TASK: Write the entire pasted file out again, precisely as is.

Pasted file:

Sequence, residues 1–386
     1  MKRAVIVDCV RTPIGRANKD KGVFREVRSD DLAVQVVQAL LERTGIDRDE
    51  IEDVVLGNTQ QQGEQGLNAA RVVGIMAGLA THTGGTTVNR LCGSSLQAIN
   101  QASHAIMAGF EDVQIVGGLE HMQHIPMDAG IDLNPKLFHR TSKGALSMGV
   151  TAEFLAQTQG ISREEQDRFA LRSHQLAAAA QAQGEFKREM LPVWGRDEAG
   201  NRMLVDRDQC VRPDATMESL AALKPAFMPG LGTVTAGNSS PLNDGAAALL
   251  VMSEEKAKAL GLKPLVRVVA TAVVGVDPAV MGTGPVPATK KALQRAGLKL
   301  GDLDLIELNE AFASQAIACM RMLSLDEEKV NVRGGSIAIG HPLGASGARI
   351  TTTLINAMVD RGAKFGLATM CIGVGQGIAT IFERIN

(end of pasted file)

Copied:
Sequence, residues 1–386
     1  MKRAVIVDCV RTPIGRANKD KGVFREVRSD DLAVQVVQAL LERTGIDRDE
    51  IEDVVLGNTQ QQGEQGLNAA RVVGIMAGLA THTGGTTVNR LCGSSLQAIN
   101  QASHAIMAGF EDVQIVGGLE HMQHIPMDAG IDLNPKLFHR TSKGALSMGV
   151  TAEFLAQTQG ISREEQDRFA LRSHQLAAAA QAQGEFKREM LPVWGRDEAG
   201  NRMLVDRDQC VRPDATMESL AALKPAFMPG LGTVTAGNSS PLNDGAAALL
   251  VMSEEKAKAL GLKPLVRVVA TAVVGVDPAV MGTGPVPATK KALQRAGLKL
   301  GDLDLIELNE AFASQAIACM RMLSLDEEKV NVRGGSIAIG HPLGASGARI
   351  TTTLINAMVD RGAKFGLATM CIGVGQGIAT IFERIN